In Brown v. City of Oil City, No. 6 WAP 2022, 2023 Pa. LEXIS 681 (2023), the Supreme Court of Pennsylvania (Supreme Court) recently held that a contractor can be liable for dangerous conditions it creates even if the hazard is obvious or known by the property owner. In City of Oil City, the City of Oil City (Oil City) contracted with Harold Best and Struxures, LLC and Fred Burns, Inc. (collectively Contractors) to reconstruct the concrete stairs to the city library. Contractors completed their work at the end of 2011. In early 2012, Oil City received reports of issues with the stairs. Oil City notified Contractors that it considered the stairs dangerous and that Contractors’ defective workmanship created the condition. Neither Oil City or Contractors took any action to fix the stairs or warn of the danger and the stairs’ condition worsened with time. Continue reading
On June 29, 2022, in N.J. Mfrs. Ins. Grp. a/s/o Angela Sigismondi v. Amazon.com, Inc., 2022 U.S. Dist. LEXIS 115826 (Sigismondi), the United States District Court for the District of New Jersey held that Amazon.com, Inc. (Amazon) is a “seller” under New Jersey’s product liability statute and can thus face strict liability for damages caused by products sold on its platform. Although the analysis is state-specific, Sigismondi may serve as an important decision for allowing product defect claims to proceed against Amazon when so often the third-party vendor that lists the product is unlocatable, insolvent, or not subject to the jurisdiction of United States courts. Continue reading
The California Court of Appeals recently ruled that Amazon.com, Inc. (Amazon) can be held strictly liable for injuries caused by a defective product sold by a third-party vender on its website. Bolger v. Amazon, D075738, 2020 Cal. App. LEXIS 761. The decision in Bolger comes just two months after the United States District Court for the Southern District of Texas reached the same ruling under Texas law in McMillan v. Amazon.com, Inc., No. 18-CV-2242, 2020 U.S. Dist. LEXIS 102025 Continue reading
Will COVID-19 impact subrogation? Like so much else, the answer is “yes.”
The global effect of COVID-19 is unlike any event in human history. More than 4 billion people—over half of the world’s population—are currently under confinement measures. In just a few short weeks, COVID-19 has impacted nearly every aspect of life across the globe. In the United States, stay-at-home orders started in mid-March. We can only speculate how long this will be the new norm. On March 29th, President Trump suggested the spread of the coronavirus will not peak for at least another two weeks and he extended the national social distancing guidelines through April 30th.
Seven months ago, the Florida Supreme Court declined to adopt Daubert as the standard for admitting expert testimony in Florida state courts. In DeLisle v. Crane Co., 258 So. 3d 1219 (2018), the court reaffirmed that “Frye, not Daubert, is the appropriate test in Florida.” On May 23, 2019, however, Florida’s high court did an about-face. In In Re: Amendment to the Florida Evidence Code, No. SC19-107, the Florida Supreme Court overruled its decision in DeLisle and declared that Florida will now apply the Daubert standard to determine whether scientific evidence is admissible. Continue reading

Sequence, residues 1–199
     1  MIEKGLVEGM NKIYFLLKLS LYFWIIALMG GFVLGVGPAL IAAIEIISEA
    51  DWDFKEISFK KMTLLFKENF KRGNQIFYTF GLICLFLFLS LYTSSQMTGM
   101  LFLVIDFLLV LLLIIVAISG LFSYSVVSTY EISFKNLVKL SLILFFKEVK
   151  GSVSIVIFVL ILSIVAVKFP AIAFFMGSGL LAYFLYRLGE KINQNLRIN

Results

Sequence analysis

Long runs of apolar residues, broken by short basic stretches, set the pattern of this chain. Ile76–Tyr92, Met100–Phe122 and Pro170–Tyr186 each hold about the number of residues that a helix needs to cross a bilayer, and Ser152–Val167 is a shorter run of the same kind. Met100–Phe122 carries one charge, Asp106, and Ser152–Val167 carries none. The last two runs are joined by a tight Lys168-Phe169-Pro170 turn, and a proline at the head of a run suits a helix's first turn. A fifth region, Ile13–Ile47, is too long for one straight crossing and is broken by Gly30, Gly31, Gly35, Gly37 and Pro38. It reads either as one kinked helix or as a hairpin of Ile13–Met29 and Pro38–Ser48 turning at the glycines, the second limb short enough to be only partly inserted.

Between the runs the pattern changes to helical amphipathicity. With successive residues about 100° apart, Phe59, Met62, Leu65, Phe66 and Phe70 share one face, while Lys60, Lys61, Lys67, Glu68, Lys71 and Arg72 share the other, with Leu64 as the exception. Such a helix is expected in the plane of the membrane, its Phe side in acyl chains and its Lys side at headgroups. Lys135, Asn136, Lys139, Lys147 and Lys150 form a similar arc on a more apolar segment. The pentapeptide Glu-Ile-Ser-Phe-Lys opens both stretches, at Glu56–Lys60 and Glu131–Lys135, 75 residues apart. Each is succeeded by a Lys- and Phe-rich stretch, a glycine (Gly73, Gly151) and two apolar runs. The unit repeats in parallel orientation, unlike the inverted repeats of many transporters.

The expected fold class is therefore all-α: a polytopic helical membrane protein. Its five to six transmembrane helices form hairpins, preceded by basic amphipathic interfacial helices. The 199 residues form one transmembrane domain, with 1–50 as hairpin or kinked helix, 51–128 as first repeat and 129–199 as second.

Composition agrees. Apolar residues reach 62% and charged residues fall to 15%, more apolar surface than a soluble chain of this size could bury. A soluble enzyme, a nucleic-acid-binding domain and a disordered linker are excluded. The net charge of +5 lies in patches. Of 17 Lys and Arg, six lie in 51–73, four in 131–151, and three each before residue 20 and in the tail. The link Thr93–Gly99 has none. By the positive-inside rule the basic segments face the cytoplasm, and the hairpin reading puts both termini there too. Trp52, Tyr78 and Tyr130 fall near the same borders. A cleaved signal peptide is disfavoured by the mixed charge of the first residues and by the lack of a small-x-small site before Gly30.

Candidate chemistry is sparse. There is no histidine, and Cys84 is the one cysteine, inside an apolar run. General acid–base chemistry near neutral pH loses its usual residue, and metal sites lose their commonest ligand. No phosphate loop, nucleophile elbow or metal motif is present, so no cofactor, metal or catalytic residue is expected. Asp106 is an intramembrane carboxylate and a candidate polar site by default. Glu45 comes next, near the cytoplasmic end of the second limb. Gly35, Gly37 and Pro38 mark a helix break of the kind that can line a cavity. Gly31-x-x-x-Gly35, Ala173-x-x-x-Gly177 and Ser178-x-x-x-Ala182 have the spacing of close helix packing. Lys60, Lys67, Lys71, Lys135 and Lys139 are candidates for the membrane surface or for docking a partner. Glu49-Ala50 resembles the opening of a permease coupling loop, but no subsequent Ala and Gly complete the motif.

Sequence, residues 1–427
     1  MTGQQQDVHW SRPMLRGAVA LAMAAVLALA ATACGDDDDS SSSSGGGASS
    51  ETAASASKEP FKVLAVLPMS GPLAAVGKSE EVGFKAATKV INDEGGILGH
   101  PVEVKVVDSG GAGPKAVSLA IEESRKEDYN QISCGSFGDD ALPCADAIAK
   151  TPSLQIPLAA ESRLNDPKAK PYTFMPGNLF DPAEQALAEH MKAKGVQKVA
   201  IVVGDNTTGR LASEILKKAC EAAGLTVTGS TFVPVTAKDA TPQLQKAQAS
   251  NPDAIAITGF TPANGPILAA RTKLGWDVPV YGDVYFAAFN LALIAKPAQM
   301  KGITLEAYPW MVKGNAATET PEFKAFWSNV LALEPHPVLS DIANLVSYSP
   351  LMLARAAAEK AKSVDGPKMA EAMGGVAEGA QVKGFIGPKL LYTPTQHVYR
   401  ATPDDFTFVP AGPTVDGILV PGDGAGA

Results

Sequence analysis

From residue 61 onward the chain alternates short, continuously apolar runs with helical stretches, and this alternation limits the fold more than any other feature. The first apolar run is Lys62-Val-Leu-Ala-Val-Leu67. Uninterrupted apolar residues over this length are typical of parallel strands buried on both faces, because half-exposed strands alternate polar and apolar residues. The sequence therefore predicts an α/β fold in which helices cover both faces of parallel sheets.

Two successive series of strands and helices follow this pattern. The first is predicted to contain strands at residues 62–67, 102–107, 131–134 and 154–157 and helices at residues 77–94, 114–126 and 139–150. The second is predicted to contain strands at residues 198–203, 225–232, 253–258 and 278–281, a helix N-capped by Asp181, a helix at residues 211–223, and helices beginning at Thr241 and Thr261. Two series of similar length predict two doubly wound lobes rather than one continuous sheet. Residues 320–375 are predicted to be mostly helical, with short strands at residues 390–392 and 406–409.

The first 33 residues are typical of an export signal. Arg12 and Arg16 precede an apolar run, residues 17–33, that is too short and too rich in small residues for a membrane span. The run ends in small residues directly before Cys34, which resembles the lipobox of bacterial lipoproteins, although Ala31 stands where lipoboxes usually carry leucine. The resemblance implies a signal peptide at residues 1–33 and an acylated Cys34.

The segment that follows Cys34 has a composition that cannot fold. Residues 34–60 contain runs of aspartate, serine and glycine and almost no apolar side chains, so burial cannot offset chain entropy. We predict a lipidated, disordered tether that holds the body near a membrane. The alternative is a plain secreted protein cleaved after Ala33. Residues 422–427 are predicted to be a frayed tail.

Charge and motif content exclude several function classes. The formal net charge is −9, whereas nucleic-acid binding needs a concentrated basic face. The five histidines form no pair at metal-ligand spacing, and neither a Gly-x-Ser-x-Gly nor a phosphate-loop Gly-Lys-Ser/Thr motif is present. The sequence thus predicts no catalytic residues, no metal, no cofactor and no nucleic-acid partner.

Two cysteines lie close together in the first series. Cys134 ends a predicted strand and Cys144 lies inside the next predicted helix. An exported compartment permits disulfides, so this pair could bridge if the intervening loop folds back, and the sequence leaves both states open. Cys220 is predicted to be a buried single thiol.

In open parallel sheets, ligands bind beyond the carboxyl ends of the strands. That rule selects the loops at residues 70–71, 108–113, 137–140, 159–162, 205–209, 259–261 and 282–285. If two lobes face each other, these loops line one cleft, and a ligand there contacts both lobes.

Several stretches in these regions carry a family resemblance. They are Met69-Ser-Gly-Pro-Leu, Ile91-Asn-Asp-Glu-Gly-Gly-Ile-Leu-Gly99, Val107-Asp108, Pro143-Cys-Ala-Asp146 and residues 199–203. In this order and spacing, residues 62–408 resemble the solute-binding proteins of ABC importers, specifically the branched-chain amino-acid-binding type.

In New York Cent. Mut. Ins. Co. v. TopBuild Home Servs., Inc., 2019 U.S. Dist. LEXIS 69634 (April 24, 2019), the United States District Court for the Eastern District of New York recently held that the “lesser of two” doctrine applies to subrogation actions, thereby limiting property damages to the lesser of repair costs or the property’s diminution in value. Continue reading
In Palisades at Fort Lee Condominium Association v. 100 Old Palisade, LLC, et al., 2017 N.J. LEXIS 845 (Palisades), the Supreme Court of New Jersey addressed how the discovery rule – which tolls the statute of limitations – applies in construction defect cases. The court clarified that, when a building has multiple owners, the statute of limitations begins to run when the first owner – be it an original or subsequent owner – in the line of building owners reasonably knew or should have known of the basis for a cause of action.
In Beaufort Builders, Inc. v. White Plains Church Ministries, Inc., 783 S.E.2d 35 (N.C. Ct. App. 2016), the Court of Appeals of North Carolina addressed whether the economic loss rule barred the negligence claim of White Plains Church Ministries, Inc. (White Plains) against Charles F. Cherry (Cherry), the owner of Beaufort Builders, Inc. (Beaufort Builders). The court held that, because the economic loss rule would bar White Plains’ negligence claims against Beaufort Builders, White Plains could not pursue a third-party negligence claim against Cherry, individually.
In Melrose Gates, LLC v. Chor Moua, et al., 875 N.W.2d 814 (Minn. 2016), the Supreme Court of Minnesota, applying the factors the court first articulated in RAM Mutual Insurance Company v. Rohde, 820 N.W.2d 1 (Minn. 2012), analyzed whether the parties to an apartment lease reasonably expected that the tenants would be liable in subrogation for fire damage caused by the tenants’ negligence. The Melrose Gates court held that, based on the language of the lease, the type of insurance the parties purchased, and the fact that the building was a multi-unit structure, the parties intended that the tenants would be responsible for damage to their leased unit but not for damage to other property. Thus, while the landlord’s insurer could recover the amount it paid to repair the damage to the tenants’ unit, it could not recover the amount it paid to repair other units or common areas of the building.
In Rogers v. Wright, 366 P.3d 1264 (Wyo. 2016), the Supreme Court of Wyoming held that home builders have a tort duty of reasonable care and this duty, independent of any contractual obligations, makes the economic loss rule inapplicable.